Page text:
In operation, the unregulated bridge-rectified DC voltage applied to taps TI1 and TI2 of input 11 of the trickle power supply arrangement 10 is essentially converted into a periodic waveform consisting of consecutive rising and falling profiles. The rising voltage profiles are governed by resistor 14 and capacitor 15, and are similar to RC-circuit charging characteristics wherein the voltage rises increases asymptotically to a final value. Alternatively, the falling voltage profiles are controlled by the SIDAC conduction characteristics, wherein voltage falls sharply depending when the diode is conductive. The oscillating, periodic waveform is therefore generated by virtue of the charge storing effect of resistor 14 and capacitor 15 operating in conjunction with the switching effect of SIDAC 12. In the present invention, capacitor 15 is initially uncharged. When the unregulated rectified DC voltage V+ is first applied, the voltage across capacitor 15 increases as charge is stored in capacitor 15. SIDAC 12, having the rising input voltage applied across it, initially will remain nonconductive in its off-state so long as the voltage across SIDAC 12 remains below the breakover voltage Vbo. However, once the applied voltage V+ reaches and exceeds the Vbo, in this case between 110 and 125 volts, SIDAC 12 will switch to its high conduction low voltage on-state condition. Charge stored in capacitor 15 thereafter is rapidly discharged through SIDAC 12 to ground, with voltage across the SIDAC 12 falling sharply to 0 V. During charging of capacitor 15, the resultant voltage characteristic of the arrangement of SIDAC 12, resistor 14, and capacitor 15 is very similar to the rising voltage characteristic of an ordinary RC circuit. However, due to the very low impedance conduction mode of SIDAC 12 in its on-state, once Vbo has been exceeded the discharge voltage characteristic of the arrangement of SIDAC 12, resistor 14, and capacitor 15 is simply a sharp drop to zero V, or even negative voltage (see discussion below). Once the SIDAC 12 voltage is zero V, the SIDAC will switch to its off-state nonconductive mode, and capacitor 15 will begin charging up, repeating the cycle.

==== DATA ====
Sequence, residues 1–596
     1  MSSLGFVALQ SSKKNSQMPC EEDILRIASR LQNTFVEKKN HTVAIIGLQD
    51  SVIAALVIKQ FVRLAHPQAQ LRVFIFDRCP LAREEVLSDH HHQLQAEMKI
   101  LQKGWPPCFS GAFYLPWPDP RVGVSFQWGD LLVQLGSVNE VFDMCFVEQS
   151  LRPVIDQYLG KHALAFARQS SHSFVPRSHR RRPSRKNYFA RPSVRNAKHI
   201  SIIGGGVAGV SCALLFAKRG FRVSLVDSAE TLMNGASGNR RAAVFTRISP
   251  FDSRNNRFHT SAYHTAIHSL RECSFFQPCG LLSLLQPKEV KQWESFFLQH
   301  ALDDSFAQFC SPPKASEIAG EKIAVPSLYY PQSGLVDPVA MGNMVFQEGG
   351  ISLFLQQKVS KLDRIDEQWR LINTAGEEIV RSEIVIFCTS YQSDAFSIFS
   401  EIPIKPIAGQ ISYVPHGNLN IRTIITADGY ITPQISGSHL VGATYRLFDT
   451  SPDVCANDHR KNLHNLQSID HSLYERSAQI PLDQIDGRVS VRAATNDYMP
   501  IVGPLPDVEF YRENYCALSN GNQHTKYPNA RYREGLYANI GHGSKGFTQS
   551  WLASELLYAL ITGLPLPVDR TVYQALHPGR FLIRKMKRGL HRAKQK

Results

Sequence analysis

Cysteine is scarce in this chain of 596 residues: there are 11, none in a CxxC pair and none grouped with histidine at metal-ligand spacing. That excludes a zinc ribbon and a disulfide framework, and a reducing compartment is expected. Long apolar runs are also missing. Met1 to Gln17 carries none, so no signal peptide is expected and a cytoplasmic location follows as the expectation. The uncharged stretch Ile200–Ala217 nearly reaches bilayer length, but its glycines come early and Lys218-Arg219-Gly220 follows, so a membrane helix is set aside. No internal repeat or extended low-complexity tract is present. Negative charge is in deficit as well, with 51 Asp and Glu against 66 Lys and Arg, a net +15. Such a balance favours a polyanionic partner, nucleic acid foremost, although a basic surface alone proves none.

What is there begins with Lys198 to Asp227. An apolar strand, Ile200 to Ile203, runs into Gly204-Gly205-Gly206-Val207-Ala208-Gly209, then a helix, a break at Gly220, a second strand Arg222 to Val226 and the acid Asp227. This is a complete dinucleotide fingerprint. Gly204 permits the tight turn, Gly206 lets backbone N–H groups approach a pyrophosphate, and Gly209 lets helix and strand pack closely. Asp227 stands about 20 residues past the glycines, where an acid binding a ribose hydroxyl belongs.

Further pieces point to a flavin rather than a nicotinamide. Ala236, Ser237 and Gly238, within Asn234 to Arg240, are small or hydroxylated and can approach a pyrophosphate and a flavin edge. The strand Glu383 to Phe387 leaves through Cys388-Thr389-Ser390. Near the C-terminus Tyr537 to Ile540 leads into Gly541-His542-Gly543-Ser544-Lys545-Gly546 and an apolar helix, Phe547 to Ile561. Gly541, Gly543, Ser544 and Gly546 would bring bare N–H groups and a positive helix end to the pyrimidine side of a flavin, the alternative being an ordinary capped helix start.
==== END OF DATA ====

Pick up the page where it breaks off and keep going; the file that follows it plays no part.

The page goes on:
The combination of SIDAC 12, resistor 14, and capacitor 15 thus operate together in concert to provide an oscillating waveform of chosen frequency and voltage swing suitable for further reduction by transformer 16. Specifically, SIDAC 12 having a Vbo of approximately 110-125 V and operating in conjunction with resistor 14 and capacitor 15 having respective device parameters of 39 kΩ and 0.1 μF induces oscillations having ƒ˜500 Hz to 5 kHz and a voltage swing equivalent to the input voltage from the unregulated DC source, typically 250 to 400 V at relatively high current values. In addition, transformer 16 is chosen so that the voltage appearing at the transformer secondary is appropriately tailored to the output requirements for the trickle power supply. As stated above, in one presently practiced embodiment transformer 16 provides a ten-fold reduction in the voltage swing of the SIDAC-induced oscillations, resulting in an output of about 25-40 V from the transformer secondary at reasonable current levels. The reader will appreciate that many alternative transformer embodiments may be used with the SIDAC arrangement of the present invention according to the needs of the designer.